# Day 37 - Multivariate clustering

Last time we saw that PCA was effective in revealing the major subgroups of a multivariate dataset. However, it is limited by what can be seen in a two-dimensional projection. Sometimes the group structure is more complex than that. A more general way to break a dataset into subgroups is to use clustering. Geometrically, clustering tries to find compact and well-separated point clouds within the overall cloud. The methods for multivariate clustering are similar to those discussed on day9, but with some new twists.

## Ward's method

Previously we used a sum of squares criterion for clustering, with the option to get a hierarchy (Ward's method) or a partitioning (k-means). How do we assess the quality of a multivariate clustering? Using the definition of distance from day35, we can construct a generalized sum of squares criterion:
``` SS = sum_{clusters j}
sum_{points i in j} ||x_i - m_j||^2 ```
Ward's method works by making each point a cluster, then merging clusters in order to minimize the sum of squares. The merging cost that results from the sum of squares criterion is na*nb/(na+nb)*||a - b||^2, a simple generalization of the merging cost in the one-dimensional case. Iterative reassignment is also possible using this sum of squares criterion, giving a multivariate k-means algorithm. The commands to use in R are hclust and kmeans. Here is an example two-dimensional dataset: ```hc <- hclust(dist(x)^2,method="ward")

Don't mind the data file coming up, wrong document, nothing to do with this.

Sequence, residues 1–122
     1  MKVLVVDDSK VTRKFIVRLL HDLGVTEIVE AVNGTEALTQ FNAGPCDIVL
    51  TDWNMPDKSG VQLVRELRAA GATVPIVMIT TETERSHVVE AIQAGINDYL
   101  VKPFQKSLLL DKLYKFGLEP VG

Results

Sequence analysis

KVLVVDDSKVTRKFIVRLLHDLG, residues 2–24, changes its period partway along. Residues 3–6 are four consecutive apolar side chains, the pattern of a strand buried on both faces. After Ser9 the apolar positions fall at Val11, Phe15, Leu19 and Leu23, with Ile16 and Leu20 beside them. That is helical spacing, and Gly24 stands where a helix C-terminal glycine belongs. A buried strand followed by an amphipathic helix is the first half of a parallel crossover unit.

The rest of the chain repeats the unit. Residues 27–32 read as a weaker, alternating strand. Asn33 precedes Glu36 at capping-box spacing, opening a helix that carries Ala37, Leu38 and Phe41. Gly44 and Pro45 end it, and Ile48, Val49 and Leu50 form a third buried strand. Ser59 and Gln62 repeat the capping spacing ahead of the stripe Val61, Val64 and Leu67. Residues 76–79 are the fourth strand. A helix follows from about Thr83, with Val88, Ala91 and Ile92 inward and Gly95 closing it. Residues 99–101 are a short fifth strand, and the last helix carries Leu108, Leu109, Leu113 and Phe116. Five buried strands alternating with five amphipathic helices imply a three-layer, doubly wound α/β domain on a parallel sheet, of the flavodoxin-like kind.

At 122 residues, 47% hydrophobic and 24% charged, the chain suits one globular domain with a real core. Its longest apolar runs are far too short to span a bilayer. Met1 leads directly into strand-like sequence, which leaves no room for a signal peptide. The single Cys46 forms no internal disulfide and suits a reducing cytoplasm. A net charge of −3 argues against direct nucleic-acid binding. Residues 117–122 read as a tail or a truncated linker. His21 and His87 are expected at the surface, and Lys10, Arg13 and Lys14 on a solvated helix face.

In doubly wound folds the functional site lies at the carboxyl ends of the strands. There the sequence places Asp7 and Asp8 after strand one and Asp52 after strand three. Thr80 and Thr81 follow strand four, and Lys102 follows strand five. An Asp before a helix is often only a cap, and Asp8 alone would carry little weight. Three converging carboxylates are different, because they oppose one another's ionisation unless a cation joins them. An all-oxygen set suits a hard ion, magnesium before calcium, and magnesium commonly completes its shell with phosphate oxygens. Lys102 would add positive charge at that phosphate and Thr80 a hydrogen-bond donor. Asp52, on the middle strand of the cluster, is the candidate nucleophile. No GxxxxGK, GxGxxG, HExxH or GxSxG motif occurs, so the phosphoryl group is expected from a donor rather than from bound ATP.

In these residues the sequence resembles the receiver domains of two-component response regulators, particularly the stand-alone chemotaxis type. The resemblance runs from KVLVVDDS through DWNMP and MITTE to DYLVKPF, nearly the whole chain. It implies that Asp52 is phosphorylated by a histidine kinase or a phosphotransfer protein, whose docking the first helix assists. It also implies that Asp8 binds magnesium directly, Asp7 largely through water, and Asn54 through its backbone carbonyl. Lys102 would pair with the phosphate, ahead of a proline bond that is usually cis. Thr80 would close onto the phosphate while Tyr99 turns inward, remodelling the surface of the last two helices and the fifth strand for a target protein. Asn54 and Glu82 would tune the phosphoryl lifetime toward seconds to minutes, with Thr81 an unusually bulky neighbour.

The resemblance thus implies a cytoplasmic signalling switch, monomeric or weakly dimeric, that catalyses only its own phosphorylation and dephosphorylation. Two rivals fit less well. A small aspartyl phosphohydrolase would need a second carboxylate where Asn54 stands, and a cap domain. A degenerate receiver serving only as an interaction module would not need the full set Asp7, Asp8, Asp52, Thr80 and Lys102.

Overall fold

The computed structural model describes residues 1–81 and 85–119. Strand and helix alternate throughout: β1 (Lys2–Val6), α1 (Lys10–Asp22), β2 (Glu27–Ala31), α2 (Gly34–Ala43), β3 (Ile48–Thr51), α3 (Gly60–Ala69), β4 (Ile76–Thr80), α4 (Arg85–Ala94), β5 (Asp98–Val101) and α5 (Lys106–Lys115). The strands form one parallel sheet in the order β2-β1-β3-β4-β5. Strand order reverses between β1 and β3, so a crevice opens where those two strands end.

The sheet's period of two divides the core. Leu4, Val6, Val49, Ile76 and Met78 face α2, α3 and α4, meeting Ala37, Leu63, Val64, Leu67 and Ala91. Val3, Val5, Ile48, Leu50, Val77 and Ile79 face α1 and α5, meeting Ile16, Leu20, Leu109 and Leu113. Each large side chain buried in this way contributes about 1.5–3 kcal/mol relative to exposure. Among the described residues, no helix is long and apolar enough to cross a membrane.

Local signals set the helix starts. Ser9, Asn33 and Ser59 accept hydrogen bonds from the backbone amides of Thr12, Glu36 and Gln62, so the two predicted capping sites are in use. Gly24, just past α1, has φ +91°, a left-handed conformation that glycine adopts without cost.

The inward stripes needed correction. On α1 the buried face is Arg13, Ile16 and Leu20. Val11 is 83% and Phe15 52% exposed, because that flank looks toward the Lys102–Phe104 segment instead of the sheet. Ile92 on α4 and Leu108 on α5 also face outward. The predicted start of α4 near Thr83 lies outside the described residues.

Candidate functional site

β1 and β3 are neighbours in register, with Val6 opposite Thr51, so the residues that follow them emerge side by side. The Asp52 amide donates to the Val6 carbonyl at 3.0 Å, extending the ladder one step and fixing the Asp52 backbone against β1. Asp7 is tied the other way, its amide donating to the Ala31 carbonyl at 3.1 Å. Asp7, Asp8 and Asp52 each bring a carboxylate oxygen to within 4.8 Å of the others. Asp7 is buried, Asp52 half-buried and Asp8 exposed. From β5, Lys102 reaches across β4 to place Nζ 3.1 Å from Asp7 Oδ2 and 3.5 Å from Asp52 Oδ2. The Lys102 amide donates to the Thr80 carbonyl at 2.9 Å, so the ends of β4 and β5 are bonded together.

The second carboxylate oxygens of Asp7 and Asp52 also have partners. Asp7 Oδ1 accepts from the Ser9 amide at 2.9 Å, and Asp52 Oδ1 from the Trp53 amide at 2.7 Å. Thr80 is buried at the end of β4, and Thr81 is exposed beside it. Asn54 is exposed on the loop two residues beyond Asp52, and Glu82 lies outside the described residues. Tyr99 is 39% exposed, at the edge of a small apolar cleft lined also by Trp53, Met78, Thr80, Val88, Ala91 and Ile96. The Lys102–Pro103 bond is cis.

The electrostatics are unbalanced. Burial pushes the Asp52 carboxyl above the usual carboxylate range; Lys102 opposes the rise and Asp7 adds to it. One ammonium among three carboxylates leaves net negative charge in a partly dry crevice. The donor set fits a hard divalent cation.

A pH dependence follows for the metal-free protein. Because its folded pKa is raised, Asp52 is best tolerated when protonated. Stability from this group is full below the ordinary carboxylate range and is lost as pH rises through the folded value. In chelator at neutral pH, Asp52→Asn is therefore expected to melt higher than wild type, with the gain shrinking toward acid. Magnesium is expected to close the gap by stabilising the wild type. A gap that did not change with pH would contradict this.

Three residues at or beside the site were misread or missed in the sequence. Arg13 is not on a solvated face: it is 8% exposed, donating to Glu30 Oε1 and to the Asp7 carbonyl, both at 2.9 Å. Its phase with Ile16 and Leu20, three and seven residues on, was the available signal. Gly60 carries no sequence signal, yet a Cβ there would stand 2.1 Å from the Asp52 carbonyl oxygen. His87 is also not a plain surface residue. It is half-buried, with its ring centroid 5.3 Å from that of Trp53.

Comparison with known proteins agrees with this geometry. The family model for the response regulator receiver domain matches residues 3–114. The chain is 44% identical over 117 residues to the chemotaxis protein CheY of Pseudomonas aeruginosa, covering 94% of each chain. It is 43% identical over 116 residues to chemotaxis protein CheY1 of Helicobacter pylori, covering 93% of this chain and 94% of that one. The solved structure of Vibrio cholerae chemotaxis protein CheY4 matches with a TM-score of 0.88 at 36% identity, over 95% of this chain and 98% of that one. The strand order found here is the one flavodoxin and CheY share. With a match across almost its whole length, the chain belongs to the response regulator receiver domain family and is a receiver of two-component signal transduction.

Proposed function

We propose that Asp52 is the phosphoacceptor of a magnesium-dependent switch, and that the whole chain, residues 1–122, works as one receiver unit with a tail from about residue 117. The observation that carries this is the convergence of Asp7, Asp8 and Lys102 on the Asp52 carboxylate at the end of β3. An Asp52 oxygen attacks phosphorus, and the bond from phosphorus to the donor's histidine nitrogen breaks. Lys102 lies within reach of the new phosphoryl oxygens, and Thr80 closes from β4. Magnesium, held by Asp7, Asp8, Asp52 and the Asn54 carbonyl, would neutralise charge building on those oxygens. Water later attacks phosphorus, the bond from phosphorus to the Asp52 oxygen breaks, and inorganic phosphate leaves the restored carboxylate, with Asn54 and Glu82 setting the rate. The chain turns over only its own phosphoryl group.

plot.hclust.trace(hc)
``` The merging trace shows that 4 is an interesting number. Given the desired number of clusters, the function cutree will cut the tree and return a vector telling you which cluster each case falls into. We will save this in the data frame as an additional variable, allowing us to make a cplot:
```x\$cluster <- factor(cutree(hc,k=4))
cplot(x)
``` The sum of squares criterion desires separation and balance. The merging cost prefers to merge small clusters rather than large clusters, given the same amount of separation. In the multivariate case, sum of squares also wants the clusters to be spherical; it does not want highly elongated clusters. This is because distance is measured equally in all directions. Counterintuitive clusterings can result from this property. Consider this two-dimensional dataset: The data falls into six vertical strips. This can easily happen when the clusters are compact in one dimension (horizontal) and highly variable in another (vertical). Here is the result of Ward's method, 6 clusters: The clusters are chosen to be small and round, in violation of the structure of the data.

This property of the sum of squares criterion has caused people to search for alternatives. An extreme alternative is known as single-link (or nearest-neighbor) clustering. It is a merging algorithm: you start with all points in separate clusters, and repeatedly merge the two closest clusters. The difference is in how the distance between clusters is measured. Instead of using the distance between means, as Ward's method does, it uses the distance between the two closest points from each cluster, i.e. the size of the gap between the clusters. This algorithm has no preference for spherical clusters or any other shape. It does not scale the distance by cluster size, so it doesn't prefer balance either. It is extreme among clustering algorithms in that it only desires separation.